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Alec Marantz, head of the Department of Linguistics and Philosophy, and Evan Ziporyn of the music and theater arts section have been named the first holders of Kenan Sahin Distinguished Professorships in the Humanities, Arts and Social Sciences.
The professorships were established by a gift from alumnus and MIT corporation member Kenan Sahin (S.B. 1963, Ph.D.). In 1999, Sahin pledged $100 million to MIT, $75 million of which was later committed to the School of Humanities, Arts and Social Sciences (SHASS). These funds are being used in part to endow the SHASS deanship, to create a graduate fellowship fund and to establish several professorships.
"It's extremely gratifying to inaugurate the Sahin Professorships with these two excellent appointments," said SHASS Dean Philip Khoury. "Alec Marantz and Evan Ziporyn are internationally recognized leaders in their respective fields, representing the high level of scholarly and artistic accomplishment the Sahin Distinguished Professorships are intended to recognize and support."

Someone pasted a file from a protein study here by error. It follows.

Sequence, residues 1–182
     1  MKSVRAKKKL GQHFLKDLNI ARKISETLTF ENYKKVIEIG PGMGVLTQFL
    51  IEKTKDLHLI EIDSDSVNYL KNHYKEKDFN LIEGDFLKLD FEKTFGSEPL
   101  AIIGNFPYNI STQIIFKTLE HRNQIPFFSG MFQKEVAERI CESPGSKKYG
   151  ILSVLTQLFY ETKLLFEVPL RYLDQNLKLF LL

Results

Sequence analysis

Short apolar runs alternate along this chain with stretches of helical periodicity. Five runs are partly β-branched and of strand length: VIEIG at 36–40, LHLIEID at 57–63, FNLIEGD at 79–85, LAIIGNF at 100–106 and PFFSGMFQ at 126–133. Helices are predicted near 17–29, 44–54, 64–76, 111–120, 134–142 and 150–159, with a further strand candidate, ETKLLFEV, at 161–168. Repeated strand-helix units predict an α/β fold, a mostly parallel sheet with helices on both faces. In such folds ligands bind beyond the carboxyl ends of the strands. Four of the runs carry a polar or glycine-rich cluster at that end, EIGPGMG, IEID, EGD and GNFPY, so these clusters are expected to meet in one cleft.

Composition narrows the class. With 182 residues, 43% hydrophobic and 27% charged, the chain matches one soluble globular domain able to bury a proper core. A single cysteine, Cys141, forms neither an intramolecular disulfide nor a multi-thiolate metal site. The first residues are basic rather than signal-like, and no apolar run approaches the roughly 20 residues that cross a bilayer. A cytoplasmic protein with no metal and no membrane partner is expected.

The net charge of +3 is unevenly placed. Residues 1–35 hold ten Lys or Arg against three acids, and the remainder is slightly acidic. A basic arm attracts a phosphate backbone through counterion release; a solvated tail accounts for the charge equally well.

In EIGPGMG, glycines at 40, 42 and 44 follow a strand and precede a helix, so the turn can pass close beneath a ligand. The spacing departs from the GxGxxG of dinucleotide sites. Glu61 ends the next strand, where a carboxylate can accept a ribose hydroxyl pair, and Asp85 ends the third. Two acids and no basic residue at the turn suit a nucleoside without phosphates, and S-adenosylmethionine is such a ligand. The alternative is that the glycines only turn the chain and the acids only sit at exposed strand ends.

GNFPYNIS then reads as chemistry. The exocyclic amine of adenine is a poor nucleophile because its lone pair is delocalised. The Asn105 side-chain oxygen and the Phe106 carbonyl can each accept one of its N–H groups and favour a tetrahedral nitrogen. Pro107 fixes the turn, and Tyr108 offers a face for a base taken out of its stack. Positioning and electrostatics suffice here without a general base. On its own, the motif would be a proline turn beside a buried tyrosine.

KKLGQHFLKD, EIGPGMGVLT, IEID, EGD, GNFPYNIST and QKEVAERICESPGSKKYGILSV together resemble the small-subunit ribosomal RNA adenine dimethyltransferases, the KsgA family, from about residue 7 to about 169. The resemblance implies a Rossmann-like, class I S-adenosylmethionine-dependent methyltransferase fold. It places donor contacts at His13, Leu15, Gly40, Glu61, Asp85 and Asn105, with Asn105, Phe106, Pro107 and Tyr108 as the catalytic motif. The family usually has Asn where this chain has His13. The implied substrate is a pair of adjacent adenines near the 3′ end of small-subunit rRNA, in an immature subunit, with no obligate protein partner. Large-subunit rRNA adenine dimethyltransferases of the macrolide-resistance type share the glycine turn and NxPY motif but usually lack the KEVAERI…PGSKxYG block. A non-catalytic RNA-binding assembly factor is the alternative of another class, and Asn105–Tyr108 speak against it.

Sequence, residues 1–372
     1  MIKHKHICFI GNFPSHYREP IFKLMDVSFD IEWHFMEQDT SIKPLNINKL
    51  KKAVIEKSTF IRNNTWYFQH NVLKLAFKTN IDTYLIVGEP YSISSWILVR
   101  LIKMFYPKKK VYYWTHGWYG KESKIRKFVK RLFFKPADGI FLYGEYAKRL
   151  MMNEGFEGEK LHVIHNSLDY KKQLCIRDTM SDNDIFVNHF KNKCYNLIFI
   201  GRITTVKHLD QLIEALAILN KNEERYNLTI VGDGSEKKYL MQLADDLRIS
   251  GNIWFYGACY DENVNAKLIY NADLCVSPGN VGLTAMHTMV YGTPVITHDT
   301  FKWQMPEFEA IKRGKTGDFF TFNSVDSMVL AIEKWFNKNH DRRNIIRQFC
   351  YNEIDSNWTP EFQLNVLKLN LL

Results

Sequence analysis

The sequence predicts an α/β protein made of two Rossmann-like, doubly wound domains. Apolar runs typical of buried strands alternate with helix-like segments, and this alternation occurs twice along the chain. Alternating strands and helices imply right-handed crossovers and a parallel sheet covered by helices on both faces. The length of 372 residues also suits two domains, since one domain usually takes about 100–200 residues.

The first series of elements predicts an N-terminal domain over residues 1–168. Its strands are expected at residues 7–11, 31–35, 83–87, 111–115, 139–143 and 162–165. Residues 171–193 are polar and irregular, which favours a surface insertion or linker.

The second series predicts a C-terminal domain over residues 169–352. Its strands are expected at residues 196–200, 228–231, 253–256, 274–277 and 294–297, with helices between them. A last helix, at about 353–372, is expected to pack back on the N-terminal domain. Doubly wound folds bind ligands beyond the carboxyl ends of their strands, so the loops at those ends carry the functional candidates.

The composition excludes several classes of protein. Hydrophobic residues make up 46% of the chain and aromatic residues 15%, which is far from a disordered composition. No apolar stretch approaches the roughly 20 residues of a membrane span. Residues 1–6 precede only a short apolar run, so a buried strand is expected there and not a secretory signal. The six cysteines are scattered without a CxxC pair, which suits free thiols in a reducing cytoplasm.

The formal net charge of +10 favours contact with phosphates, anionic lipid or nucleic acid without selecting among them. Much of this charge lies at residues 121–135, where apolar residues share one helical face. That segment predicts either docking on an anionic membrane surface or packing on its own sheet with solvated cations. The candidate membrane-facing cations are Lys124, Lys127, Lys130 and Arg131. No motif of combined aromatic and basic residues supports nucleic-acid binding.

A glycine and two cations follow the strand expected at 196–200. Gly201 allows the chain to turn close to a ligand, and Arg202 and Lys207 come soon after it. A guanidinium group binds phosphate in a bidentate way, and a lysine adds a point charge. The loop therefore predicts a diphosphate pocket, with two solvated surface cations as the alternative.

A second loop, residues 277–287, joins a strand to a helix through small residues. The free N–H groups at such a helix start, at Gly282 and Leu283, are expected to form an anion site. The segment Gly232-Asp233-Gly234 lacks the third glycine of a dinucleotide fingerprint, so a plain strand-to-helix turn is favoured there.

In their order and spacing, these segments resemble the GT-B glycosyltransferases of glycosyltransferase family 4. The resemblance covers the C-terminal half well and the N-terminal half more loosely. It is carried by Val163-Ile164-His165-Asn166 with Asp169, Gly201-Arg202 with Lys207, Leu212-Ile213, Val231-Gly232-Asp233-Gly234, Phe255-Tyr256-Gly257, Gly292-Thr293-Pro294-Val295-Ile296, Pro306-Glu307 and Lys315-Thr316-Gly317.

Marantz received the B.A. in psycholinguistics at Oberlin College and the Ph.D. in linguistics at MIT. He was a member of the Society of Fellows of Harvard University from 1981-84 and assistant professor at the University of North Carolina at Chapel Hill before coming to MIT in 1990. Credited with pioneering the subfield of morphosyntax, Marantz also specializes in the cognitive neuroscience of language.
Ziporyn received the B.A. in music from Yale University and the M.A. and Ph.D. in music composition from the University of California at Berkeley. An MIT faculty member since 1990, Ziporyn has also served as adjunct associate professor and visiting professor at the Yale School of Music. An active composer and performer, he regularly records and performs with Bang On a Can and Steve Reich; he is also director of MIT's Balinese Gamelan Galak Tika. His principal areas of interest are composition and world music.
While they hold the professorships, Marantz and Ziporyn will be members of the Kenan Sahin Society of Fellows at MIT, which will convene on a regular basis to discuss themes and issues central to the humanities, arts and social sciences.
A version of this article appeared in MIT Tech Talk on October 30, 2002.